Rolph Brief Argues Mishandling of Non-Substantive Comments was Abuse of NEPA Process
By Sarah Rolph
This story is the sixth in a series of reports about the Amicus Curiae (“friend of the court”) briefs filed in support of Drakes Bay Oyster Company’s petition to the Ninth Circuit requesting an en banc hearing of its case. The historic oyster farm is fighting for an injunction to remain open in the face of Park Service wrongdoing while its lawsuit against the agency proceeds. Citizen readers are invited to read the briefs and to respond to these stories with letters to the editor, or with essays of their own.
The National Environmental Policy Act (NEPA) process requires that agencies “make efforts to provide meaningful public involvement in their NEPA processes.”
When the Park Service at Point Reyes took public comments on its Draft Environmental Impact Statement (Draft EIS) about Drakes Bay Oyster Company, the voice of meaningful public involvement—in the form of thoughtful, considered responses—was drowned out by a huge number of form letters driven by four well-funded activist organizations using an automated direct-mail process.
These form letters constituted the vast majority of public comments—roughly 90% of the total.
The four organizations—the Sierra Club, the Natural Resources Defense Council (NRDC), the National Wildlife Federation Action Fund (NWF Action Fund), and the National Parks Conservation Association (NPCA)—fed their huge mailing lists into sophisticated direct-mail engines from a firm called Convio, which supports mass-mailings for fundraising and advocacy.
Members of these groups received an email solicitation asking them to take action. None of these emails mentioned NEPA, nor did they suggest that the recipient read and consider the Draft EIS, nor did they indicate where the recipient could do so. Instead, the emails used the sort of language standard to direct-mail efforts, emphasizing the request for action in simple, general terms. In many cases the information provided was not accurate.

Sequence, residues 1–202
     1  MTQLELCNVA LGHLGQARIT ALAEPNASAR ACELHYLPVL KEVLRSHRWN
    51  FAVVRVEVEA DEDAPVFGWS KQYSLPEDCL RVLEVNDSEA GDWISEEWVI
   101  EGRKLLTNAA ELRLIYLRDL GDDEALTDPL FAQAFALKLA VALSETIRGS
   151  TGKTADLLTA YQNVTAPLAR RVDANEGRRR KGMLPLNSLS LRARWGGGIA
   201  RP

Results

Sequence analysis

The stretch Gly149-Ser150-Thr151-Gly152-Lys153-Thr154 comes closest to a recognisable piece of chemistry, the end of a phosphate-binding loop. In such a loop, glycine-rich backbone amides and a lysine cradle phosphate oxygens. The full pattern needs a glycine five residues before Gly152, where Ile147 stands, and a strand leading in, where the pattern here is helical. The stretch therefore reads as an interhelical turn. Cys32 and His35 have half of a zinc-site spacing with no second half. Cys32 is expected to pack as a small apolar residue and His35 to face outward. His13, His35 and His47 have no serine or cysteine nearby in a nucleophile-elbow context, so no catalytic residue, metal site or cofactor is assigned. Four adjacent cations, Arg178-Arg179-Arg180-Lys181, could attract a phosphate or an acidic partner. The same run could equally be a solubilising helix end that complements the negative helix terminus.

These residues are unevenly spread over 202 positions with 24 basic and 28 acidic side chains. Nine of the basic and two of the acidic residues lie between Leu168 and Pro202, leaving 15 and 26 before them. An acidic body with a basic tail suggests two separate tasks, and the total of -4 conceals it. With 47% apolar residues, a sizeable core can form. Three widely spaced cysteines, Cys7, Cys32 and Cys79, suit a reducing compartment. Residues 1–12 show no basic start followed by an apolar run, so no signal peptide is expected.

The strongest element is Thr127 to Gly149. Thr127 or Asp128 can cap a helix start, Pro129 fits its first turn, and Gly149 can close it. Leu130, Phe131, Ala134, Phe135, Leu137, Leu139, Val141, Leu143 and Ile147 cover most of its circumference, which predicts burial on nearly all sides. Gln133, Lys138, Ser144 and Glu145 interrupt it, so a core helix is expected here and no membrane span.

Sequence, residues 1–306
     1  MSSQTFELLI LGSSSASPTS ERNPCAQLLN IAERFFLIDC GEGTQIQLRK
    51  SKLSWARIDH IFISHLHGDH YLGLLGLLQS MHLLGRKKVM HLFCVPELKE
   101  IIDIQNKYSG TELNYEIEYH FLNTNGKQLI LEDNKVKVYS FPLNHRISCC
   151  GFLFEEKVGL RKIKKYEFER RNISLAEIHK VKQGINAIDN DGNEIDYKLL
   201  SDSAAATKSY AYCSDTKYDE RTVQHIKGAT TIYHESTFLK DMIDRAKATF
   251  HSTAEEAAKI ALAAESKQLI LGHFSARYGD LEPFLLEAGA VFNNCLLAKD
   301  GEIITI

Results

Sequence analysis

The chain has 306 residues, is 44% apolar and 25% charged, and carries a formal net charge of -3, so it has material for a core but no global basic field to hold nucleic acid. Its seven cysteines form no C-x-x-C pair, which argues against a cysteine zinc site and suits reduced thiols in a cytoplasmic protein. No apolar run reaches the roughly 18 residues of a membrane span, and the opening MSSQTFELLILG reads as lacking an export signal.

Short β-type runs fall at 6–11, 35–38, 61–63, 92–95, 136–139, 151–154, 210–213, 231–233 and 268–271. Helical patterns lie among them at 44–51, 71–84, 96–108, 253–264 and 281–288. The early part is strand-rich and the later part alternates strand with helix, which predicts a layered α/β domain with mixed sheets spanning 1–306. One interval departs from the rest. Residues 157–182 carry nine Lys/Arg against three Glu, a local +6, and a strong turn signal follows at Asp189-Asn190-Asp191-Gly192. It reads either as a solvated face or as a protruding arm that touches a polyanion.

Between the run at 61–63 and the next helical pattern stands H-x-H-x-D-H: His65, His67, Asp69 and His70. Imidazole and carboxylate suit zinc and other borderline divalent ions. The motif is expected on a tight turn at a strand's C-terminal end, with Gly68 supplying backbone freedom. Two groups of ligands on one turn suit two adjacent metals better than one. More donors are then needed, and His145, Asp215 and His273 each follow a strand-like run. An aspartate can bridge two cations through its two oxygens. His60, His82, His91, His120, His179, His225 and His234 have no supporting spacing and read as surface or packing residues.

Each solicitation included a pre-written form letter, which the Convio system electronically submitted as a comment on the Draft EIS when the recipient clicked the “send” button.
Thus the opportunity for a recipient—now a commenter on the Draft EIS—to actually read the Draft EIS he or she was supposedly commenting on was intentionally eliminated from the process.
In the final analysis, these form letters were deemed “non-substantive,” as the NEPA rules require for exact-match form letters; they did not officially count. Yet that analysis was not made public until the very end of the process, in November 2012.
At the height of public awareness, in March 2012, these non-substantive comments were released to the public, publicized, and included in an official-looking Park Service tally.
These actions created a false impression, for months, that public opinion was substantially in favor of not renewing DBOC’s lease, deceiving the public and deceiving decision-makers.
The manufactured 90% claim was quoted in news stories, and counsel for the government repeated that same misleading 90% claim at oral argument to the Ninth Circuit. This is an abuse of the NEPA process.
Read my brief here:
Send your letters and essays about this brief (and/or the others in this series) to the Citizen editor at firstname.lastname@example.org